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how does this country function without consensus? how can we move forward without being able to arrive at consensus? four more years of this kind of pitched battle may be more than this country can take. we have to change it. we have to change it. and i believe we need to moonshot in this country to cure cancer. it's personal. but i know we can do this. the president and i have already been working hard on increasing funding for research and development because there are so many breakthroughs just on the horizon in science and medicine. the things that are just about to happen. and we can -- we can make them real. with an absolute national commitment to end cancer as we know it today. and i'm going to spend the next 15 months in this office pushing as hard as i can to accomplish
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this, because i know there are democrats and republicans on the hill who share our passion, our passion to silence this deadly disease. if i could be anything, i would have wanted to be the president that ended cancer. because it's possible. i also believe we need to keep moving forward in the ark of this nation toward justice. the rights of the lgbt community, immigration reform, equal pay for women and protecting their safety from violence, rooting out institutional racism. at their core, every one of these things, every one of these things is about the same thing. it's about equality. it's about fairness. it's about respect. as my dad used to say, it's about affording every single person dignity. it's not complicated.
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every single one of these issues is about dignity. and the ugly forces of hate and division, they won't let up, but they do not represent the american people. they do not represent the heart of this country. they represent a small fraction of the political elite. and the next president's going to have to take it on. most of all, i believe there's unlimited possibilities for this country. i don't know how many of the white house staff and personnel have heard me say repeatedly, that we are so much better positioned than any country in the world. we are so -- i've been doing this for a long time. when i got elected as a 29-year-old kid, i was called the optimist. i am more optimistic about the possibilities, the incredible possibilities to leap forward than i have been any time in my career. and i believe to my core that
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there's no country on the face of the earth better positioned to lead the world in the 21st century than the united states of america. washington just has to begin to function again. instead of being the problem, it has to become part of the solution again. we have to be one america again. and at our core, i've always believed that what sets america apart from every other nation is that we, ordinary americans, believe in possibilities. unlimited possibilities. the possibilities for a kid growing up in a poor inner city neighborhood or a spanish-speaking home, or a kid from mayfield in delaware, willow grove in pennsylvania, like jill and i, to be able to be anything we wanted to be, to do anything, anything that we
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want, that's what we were both taught. that's what the president was taught. it was real. that's what i grew up believing. and, you know, it's always been true in this country, and if we ever lose that, we've lost something very special. we'll have lost the very soul of this country. when i was growing up, my parents in tough times looked at me and would say to me and my brothers and sister, honey, it's going to be okay. and they meant it. they meant it. it was going to be okay. and some of you covering me, i say, go back to your old neighborhoods. talk to your contemporaries who aren't as successful as you've been. there are to many people in america, too many parents who don't believe they can look their kid in the eye and say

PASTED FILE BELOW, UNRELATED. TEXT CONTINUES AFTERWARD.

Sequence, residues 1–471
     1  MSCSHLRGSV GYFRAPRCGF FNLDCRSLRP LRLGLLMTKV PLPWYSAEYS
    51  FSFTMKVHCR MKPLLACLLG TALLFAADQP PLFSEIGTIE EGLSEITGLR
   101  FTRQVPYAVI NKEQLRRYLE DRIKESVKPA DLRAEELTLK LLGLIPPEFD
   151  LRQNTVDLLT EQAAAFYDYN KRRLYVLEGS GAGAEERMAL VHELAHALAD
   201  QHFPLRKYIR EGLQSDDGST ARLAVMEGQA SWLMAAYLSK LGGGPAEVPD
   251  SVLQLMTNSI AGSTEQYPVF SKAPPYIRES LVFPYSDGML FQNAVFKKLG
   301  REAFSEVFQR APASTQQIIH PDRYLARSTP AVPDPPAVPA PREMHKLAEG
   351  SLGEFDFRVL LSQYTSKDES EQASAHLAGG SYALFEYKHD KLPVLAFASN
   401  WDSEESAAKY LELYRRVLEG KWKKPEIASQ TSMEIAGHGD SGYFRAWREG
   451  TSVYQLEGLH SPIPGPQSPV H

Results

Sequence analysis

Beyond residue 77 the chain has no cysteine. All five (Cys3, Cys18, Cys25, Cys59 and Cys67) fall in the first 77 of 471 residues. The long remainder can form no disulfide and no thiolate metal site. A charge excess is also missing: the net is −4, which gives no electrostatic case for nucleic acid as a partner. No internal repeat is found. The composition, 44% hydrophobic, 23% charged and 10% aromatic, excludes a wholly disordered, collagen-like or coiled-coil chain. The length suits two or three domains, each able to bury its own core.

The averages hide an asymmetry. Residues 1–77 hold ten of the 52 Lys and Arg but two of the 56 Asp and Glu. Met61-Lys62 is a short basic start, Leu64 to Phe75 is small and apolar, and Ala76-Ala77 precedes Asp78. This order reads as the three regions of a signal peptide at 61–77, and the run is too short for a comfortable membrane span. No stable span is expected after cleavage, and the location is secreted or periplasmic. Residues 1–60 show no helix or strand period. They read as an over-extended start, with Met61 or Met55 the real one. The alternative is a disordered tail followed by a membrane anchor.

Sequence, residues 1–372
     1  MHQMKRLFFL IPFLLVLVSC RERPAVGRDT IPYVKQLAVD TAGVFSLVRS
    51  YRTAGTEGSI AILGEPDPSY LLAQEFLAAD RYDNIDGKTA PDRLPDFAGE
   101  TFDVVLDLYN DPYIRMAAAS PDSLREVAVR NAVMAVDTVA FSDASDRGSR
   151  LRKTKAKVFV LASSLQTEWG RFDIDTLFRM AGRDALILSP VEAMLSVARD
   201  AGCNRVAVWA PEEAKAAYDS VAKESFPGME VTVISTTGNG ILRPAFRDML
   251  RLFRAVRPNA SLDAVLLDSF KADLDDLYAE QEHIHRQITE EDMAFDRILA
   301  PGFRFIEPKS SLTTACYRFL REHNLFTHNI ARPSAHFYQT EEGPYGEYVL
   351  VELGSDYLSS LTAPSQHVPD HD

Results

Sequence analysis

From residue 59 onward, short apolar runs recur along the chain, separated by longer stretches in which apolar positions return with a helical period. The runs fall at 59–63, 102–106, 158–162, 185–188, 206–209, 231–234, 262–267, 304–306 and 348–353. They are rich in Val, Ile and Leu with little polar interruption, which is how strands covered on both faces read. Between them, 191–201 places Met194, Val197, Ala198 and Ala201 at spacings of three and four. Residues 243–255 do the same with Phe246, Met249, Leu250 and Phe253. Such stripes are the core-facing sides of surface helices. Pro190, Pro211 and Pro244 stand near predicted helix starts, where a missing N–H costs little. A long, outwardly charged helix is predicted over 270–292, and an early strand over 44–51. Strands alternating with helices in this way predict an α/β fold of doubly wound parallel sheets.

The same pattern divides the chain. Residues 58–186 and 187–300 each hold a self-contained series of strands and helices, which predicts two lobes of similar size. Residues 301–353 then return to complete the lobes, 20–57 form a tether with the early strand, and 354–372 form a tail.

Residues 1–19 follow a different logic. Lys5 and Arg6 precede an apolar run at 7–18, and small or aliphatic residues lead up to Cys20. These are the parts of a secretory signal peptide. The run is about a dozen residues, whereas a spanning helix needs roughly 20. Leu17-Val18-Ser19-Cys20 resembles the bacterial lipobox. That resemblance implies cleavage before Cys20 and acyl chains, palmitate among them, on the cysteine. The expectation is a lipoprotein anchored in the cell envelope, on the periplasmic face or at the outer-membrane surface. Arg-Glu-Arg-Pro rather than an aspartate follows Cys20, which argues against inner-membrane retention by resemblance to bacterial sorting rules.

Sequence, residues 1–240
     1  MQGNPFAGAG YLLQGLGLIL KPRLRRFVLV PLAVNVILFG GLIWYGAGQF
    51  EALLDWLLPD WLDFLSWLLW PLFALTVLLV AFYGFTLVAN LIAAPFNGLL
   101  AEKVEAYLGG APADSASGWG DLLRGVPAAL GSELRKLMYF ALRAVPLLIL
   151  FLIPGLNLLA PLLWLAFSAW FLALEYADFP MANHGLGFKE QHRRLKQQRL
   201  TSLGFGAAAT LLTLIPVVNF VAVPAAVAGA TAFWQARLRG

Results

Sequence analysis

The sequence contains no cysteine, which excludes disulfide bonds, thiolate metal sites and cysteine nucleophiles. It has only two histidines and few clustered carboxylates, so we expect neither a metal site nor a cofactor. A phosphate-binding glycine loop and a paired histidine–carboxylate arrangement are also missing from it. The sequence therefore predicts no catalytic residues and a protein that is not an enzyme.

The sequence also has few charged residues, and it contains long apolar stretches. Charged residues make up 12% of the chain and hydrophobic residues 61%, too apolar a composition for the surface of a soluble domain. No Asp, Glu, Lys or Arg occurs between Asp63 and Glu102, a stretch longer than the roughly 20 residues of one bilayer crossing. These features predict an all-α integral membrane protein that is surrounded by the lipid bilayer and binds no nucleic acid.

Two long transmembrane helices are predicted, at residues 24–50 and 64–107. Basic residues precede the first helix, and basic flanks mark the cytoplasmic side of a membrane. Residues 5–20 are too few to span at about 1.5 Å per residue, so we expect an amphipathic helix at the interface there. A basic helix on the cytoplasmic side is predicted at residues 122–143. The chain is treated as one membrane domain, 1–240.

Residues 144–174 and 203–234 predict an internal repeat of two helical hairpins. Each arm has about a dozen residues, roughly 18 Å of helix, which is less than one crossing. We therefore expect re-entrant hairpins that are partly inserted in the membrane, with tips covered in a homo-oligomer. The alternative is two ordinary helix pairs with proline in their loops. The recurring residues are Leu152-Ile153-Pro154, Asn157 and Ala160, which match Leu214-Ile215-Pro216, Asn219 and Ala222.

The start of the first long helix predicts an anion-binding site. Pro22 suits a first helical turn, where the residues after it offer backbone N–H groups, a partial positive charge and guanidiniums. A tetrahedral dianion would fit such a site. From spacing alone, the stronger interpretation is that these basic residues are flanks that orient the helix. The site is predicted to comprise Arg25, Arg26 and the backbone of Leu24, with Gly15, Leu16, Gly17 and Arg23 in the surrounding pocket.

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with certitude, honey, it's going to be okay. that's what we need to change. it's not complicated. that will be the true measure of our success. it will not have met it until every parent out there can look at their kid in tough times and say, honey, it's going to be okay. and mean it. that's our responsibility. and i believe it's totally within our power. the nation has done it before in difficult times. i've had the very great good forwhich yfo fortune and privilege of being in public service since i was 25 years old. and through personal triumphs and tragedies, my entire family, my son beau, my son hunter, my daughter ashley, jill, our whole family, and this sounds corny, but we found purpose in public
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life. we found purpose in public life. so we intend, the whole family, not just me, we intend to spend the next 15 months fighting for what we've always cared about. what my family's always cared about with every ounce of our being. and working alongside the president and members of congress and our future nominee, i am absolutely certain we are fully capable of accomplishing extraordinary things. we can do this. and when we do, america won't just win the future, we will own the finish line. thank you for all being so gracious to jill and me. for the last six or eight months and for our whole career, for that matter. but i'm telling you, we can do so much more. and i'm looking forward to continuing to work with this man to get it done. thank you. thank you all very much. [ applause ]